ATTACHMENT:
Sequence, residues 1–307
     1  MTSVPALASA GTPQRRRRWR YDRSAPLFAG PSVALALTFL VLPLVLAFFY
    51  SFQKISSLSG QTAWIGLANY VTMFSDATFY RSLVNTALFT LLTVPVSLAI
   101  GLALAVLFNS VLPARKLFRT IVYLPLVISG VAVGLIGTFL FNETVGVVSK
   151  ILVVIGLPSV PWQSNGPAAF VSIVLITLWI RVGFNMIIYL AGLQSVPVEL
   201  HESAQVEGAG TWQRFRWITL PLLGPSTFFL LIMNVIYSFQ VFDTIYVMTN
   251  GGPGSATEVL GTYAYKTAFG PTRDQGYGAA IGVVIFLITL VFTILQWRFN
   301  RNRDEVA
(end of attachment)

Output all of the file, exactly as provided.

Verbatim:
Sequence, residues 1–307
     1  MTSVPALASA GTPQRRRRWR YDRSAPLFAG PSVALALTFL VLPLVLAFFY
    51  SFQKISSLSG QTAWIGLANY VTMFSDATFY RSLVNTALFT LLTVPVSLAI
   101  GLALAVLFNS VLPARKLFRT IVYLPLVISG VAVGLIGTFL FNETVGVVSK
   151  ILVVIGLPSV PWQSNGPAAF VSIVLITLWI RVGFNMIIYL AGLQSVPVEL
   201  HESAQVEGAG TWQRFRWITL PLLGPSTFFL LIMNVIYSFQ VFDTIYVMTN
   251  GGPGSATEVL GTYAYKTAFG PTRDQGYGAA IGVVIFLITL VFTILQWRFN
   301  RNRDEVA